Realize added value with household account-linking and management fee reductions

MPIP Investment pools help investors with significant assets realize more value. This exclusive program considers all of the investment accounts within your household and MPIP Investment Pools deliver everything you would expect from an investment program, including management fee reductions and tax efficiency. In addition, you can realize this value while continuing to work with the advisor you know and trust.

Household account-linking
A household balance is determined by combining and linking all of the assets of the pools held within your household. These accounts can include your spouse1 and other family members residing at the same address. It can also include corporate accounts where a qualifying household member beneficially owns more than 50 per cent of the corporation’s voting equity.

Management Fee Reductions (MFRs)
MPIP Investment Pools reward higher investment amounts with lower management fees. They include household account-linking, which combines all of the account balances in a client’s household to potentially qualify for an even greater Management Fee Reduction.If the aggregated household assets invested in the pools exceed $250,000, every account within the household benefits from the MFR.

Management fee reduction*

  Tier 1 Tier 2 Tier 3 Tier 4 Tier 5
CATEGORY $250K+ TO $499,999 $500K+ TO $999,999 $1M+ TO $4.9M $5M+ TO $9.9M $10M+
All Qualifying Investments** 2.5 basis points 5 basis points 7.5 basis points 10 basis points 12.5 basis points

*Management Fee Reduction rates that are listed do not include applicable HST. A basis point (BPS) is a unit that is equal to 1/100th of 1 per cent, and is used to denote the change in a financial instrument. The basis point is commonly used for calculating changes in interest rates, equity indexes and the yield of a fixed-income security. Plus applicable HST (Series level).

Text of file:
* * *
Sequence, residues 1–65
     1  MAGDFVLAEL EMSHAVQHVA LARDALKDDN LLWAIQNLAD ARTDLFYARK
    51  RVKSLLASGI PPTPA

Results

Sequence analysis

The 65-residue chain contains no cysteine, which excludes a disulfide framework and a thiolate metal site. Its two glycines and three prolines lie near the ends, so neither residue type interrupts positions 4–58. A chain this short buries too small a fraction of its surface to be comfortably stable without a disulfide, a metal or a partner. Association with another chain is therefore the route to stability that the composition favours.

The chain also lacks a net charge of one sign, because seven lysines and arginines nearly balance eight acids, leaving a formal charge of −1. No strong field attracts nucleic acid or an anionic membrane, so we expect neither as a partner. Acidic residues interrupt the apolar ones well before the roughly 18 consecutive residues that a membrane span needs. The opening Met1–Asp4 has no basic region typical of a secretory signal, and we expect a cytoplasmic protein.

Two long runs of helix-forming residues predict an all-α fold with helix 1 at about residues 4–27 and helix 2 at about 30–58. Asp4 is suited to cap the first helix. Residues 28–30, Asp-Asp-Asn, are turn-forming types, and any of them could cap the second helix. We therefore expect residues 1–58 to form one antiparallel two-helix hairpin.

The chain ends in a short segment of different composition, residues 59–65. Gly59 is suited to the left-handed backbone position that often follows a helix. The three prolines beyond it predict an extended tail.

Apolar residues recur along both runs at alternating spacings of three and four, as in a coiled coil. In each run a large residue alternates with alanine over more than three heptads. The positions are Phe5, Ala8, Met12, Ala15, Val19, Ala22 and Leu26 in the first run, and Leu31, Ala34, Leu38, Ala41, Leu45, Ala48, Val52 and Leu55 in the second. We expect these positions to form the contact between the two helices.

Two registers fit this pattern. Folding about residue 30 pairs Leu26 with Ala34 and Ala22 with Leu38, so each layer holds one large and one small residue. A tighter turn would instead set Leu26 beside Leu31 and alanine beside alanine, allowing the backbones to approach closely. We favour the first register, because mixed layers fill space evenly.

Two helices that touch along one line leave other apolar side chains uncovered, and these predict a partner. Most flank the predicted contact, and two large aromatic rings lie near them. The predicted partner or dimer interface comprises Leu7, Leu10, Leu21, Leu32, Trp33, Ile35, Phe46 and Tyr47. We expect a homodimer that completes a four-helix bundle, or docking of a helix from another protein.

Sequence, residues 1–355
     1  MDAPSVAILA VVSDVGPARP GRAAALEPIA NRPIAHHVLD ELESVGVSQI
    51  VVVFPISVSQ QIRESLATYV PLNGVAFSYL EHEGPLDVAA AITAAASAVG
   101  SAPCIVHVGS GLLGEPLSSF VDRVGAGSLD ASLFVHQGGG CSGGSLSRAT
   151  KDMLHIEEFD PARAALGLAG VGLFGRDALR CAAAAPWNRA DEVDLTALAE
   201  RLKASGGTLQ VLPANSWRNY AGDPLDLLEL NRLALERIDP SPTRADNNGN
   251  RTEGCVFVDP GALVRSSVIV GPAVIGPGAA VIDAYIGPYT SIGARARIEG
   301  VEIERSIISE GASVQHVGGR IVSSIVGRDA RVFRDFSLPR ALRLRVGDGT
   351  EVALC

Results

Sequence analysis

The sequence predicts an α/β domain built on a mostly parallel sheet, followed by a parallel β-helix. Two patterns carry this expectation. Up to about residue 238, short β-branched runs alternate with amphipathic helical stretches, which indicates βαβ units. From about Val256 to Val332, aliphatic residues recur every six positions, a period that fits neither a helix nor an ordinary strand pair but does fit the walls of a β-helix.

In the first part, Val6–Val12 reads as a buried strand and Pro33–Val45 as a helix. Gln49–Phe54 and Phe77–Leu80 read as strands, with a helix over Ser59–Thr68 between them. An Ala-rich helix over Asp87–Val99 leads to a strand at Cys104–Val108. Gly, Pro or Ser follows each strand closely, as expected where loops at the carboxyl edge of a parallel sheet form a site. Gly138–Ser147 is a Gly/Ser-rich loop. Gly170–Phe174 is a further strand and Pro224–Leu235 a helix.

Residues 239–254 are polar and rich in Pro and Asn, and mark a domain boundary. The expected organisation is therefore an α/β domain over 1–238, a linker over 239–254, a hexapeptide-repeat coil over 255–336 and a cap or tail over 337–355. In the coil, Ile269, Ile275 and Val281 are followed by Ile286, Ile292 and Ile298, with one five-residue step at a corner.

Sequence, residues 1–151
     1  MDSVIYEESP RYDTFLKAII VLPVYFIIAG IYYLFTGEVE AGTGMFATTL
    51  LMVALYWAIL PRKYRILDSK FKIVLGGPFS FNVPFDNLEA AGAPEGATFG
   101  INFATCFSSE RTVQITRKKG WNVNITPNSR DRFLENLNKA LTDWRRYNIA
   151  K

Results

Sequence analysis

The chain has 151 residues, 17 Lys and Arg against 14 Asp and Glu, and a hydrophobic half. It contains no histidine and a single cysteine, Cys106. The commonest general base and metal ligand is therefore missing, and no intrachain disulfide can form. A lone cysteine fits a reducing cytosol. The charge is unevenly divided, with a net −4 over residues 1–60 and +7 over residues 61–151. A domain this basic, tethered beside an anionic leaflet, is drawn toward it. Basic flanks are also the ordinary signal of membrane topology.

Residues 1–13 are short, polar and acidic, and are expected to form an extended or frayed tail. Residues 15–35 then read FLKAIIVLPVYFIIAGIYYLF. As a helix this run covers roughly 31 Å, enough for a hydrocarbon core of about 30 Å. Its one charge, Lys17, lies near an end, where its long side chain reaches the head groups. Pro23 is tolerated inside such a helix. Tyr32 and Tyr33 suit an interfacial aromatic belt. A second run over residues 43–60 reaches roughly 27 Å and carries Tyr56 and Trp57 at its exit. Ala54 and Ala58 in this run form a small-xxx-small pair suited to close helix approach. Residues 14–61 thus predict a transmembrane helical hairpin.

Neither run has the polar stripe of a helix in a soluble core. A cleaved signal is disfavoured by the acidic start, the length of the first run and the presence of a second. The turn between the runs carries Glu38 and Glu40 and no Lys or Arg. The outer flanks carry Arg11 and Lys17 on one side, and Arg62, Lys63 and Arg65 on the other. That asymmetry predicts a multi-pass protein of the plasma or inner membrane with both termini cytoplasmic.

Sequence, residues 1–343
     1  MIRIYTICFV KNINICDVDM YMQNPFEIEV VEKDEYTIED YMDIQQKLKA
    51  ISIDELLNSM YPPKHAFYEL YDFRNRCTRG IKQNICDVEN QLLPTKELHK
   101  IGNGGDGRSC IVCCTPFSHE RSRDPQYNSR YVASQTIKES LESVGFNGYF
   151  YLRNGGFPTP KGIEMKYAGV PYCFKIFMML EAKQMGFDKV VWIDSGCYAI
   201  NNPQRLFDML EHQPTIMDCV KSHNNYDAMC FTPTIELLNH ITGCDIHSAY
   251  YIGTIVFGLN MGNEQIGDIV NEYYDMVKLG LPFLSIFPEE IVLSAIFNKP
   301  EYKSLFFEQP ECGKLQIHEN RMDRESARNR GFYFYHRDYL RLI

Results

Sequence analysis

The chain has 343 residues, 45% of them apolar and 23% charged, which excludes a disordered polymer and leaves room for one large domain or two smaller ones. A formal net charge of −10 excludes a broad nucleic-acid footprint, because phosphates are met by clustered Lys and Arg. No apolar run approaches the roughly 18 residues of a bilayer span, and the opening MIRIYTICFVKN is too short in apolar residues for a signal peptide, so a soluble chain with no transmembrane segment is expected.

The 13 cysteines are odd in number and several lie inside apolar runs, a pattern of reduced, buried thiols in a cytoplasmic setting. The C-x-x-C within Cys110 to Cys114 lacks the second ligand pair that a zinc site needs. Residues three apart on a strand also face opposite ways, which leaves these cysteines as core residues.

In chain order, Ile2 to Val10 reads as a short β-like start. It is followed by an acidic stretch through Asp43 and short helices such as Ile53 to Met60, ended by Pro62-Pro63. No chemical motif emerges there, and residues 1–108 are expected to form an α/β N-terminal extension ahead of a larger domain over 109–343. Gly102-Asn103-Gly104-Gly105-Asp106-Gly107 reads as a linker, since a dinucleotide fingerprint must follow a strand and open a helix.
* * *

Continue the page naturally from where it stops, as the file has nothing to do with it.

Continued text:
**Management Fee Reductions can be applied to Manulife mutual funds, Manulife private mutual funds and Manulife Private Investment Pools; these are known as “qualifying investments” offered by simplified prospectus or confidential offering memorandum and subject to the eligibility requirements described therein.

Tax efficiency through corporate class

The MPIP Investment Pools in corporate class structure provide three distinct ways to help pay less or defer tax on non-registered investments:

1. Tax-efficient growth/income
2. Tax-efficient rebalancing2
3. Tax-efficient cash flow using Series

1. Tax-efficient growth and income
In a mutual fund corporation, income and expenses of each individual corporate class is grouped together rather than being reported and taxed separately. This enables corporate class pools to share losses, expenses and loss carry forward amounts to reduce or defer taxable distributions generated by the corporation as a whole – this helps non-registered investors defer taxes and increase their investments’ growth. When corporate class distributions are made, they tend to be more tax efficient than distributions from traditional mutual fund trusts. This is because pools that are in corporate classes can only distribute ordinary Canadian dividends and capital gains dividends, both of which are taxed at a more favourable rate than fully taxable income such as interest or foreign income.

2. Tax-efficient rebalancing
Within a non-registered account, when investors switch from one mutual fund trust to another, they will be taxed on any realized capital gains from the taxable switch. With corporate class pools, however, the investor can switch between any two corporate class pools without realizing any capital gains. This is because all of the class pools are held within the same corporation and tax entity.

3. Tax-efficient cash flow using Series T
The pools can be purchased as Series T shares for those investors who would like to receive a regular monthly cash flow3, which generally consists of return of capital (ROC), from their investments. The ROC is tax-free and it will lower the adjusted cost base (ACB) of the class pool shares. Once all of the investor’s capital has been returned, subsequent ROC cash flows will be treated as capital gains and taxed at a favourable rate.

1 The term spouse includes common-law partner as these terms are defined by the Income Tax Act (Canada).

2 On March 22, 2016, the Federal Government's budget announced that an investor in one corporate class fund will no longer be able to switch to another corporate class fund without realizing a taxable capital gain or loss in their taxable accounts. This change will be effective January 1st, 2017. Until the change becomes effective, switches between corporate class pools will continue to occur on a tax-deferred basis.

3 Distributions are not guaranteed.


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